The Authors Guild et al v. Google Inc.
DECLARATION of Inge Kralupper in Support re: 167 Objection (non-motion), Objection (non-motion). Document filed by Hauptverband des Osterreichischen Buchhandels. (Attachments: # 1 Exhibit A)(Shapiro, Alexandra)
The Author's Guild et al v. Google Inc.
UNITED STATES DISTRICT COURT SOUTHERN DISTRICT OF NEW YORK The Authors Guild, Inc., Association of American Publishers, et. al., Plaintiffs, v. Google Inc., Defendant. 1. I, Inge Kralupper, am a citizen of Austria and Managing
Case No. 05 CV 8136-DC DECLARATION OF INGE KRALUPPER
Director/Executive Secretary of the Hauptverband des Österreichischen Buchhandels ("HVB"), the leading association of book publishers and booksellers in my country. I am not a native speaker of the English language, although I have some fluency in the language, and, accordingly, this declaration was translated for me into German before I signed it below. Except as otherwise stated, I have personal knowledge of the matters I discuss below. 2. HVB represents the commercial and cultural interests of about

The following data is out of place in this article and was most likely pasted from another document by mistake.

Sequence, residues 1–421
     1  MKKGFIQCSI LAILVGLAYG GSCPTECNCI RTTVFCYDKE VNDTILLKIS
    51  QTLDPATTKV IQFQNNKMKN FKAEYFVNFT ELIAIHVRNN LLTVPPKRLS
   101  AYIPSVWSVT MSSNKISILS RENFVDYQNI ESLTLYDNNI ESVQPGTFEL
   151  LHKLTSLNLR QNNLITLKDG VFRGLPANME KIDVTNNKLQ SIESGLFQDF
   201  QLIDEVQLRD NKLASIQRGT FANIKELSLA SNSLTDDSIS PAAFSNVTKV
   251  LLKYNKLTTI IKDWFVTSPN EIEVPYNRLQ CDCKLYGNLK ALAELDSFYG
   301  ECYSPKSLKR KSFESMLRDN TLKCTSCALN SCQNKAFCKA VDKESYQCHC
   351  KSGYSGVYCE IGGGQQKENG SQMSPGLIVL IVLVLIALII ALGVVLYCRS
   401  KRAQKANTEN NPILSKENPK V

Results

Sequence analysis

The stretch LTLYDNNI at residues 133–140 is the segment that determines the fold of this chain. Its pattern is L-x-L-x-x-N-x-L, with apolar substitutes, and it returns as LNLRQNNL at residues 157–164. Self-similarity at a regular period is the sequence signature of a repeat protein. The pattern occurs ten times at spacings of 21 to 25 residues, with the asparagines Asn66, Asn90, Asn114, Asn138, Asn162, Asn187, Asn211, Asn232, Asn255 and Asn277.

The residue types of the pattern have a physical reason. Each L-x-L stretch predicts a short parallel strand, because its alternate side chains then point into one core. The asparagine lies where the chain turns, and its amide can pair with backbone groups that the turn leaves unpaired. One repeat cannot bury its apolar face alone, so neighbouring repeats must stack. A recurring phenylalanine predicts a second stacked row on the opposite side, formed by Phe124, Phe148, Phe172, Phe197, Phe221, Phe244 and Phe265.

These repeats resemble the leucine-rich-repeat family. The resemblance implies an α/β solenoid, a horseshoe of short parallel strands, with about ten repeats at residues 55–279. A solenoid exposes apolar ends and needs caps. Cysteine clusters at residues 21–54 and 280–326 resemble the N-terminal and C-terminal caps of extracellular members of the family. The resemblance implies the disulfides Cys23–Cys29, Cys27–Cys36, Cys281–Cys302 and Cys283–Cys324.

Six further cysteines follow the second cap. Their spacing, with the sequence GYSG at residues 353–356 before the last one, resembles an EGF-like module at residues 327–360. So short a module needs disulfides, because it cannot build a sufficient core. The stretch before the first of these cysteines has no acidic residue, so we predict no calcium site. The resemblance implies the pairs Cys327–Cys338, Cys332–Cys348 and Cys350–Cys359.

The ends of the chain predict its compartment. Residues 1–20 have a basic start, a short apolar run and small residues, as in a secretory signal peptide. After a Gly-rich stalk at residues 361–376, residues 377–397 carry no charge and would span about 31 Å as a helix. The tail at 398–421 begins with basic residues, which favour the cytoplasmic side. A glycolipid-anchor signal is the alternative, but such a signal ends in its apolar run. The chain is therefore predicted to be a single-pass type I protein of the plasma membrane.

500 members, including approximately 230 publishing companies, bookshops, wholesalers, sales representatives and antiquarian booksellers in Austria. The HVB was founded in 1859. Its political and commercial mission is inseparably linked to a cultural mandate: the Association acts to promote the cultural asset that books and reading represent, it stands up for the freedom of speech and for cultural diversity. 3. The vast majority, if not all, of HVB's members are putative members of
the settlement class, as defined in the settlement agreement that has been presented to this